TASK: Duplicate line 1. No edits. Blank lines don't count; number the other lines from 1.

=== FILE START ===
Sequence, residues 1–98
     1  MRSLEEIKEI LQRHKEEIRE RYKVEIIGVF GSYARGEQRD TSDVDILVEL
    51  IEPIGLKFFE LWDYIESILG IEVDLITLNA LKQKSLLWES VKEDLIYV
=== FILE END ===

Sequence, residues 1–98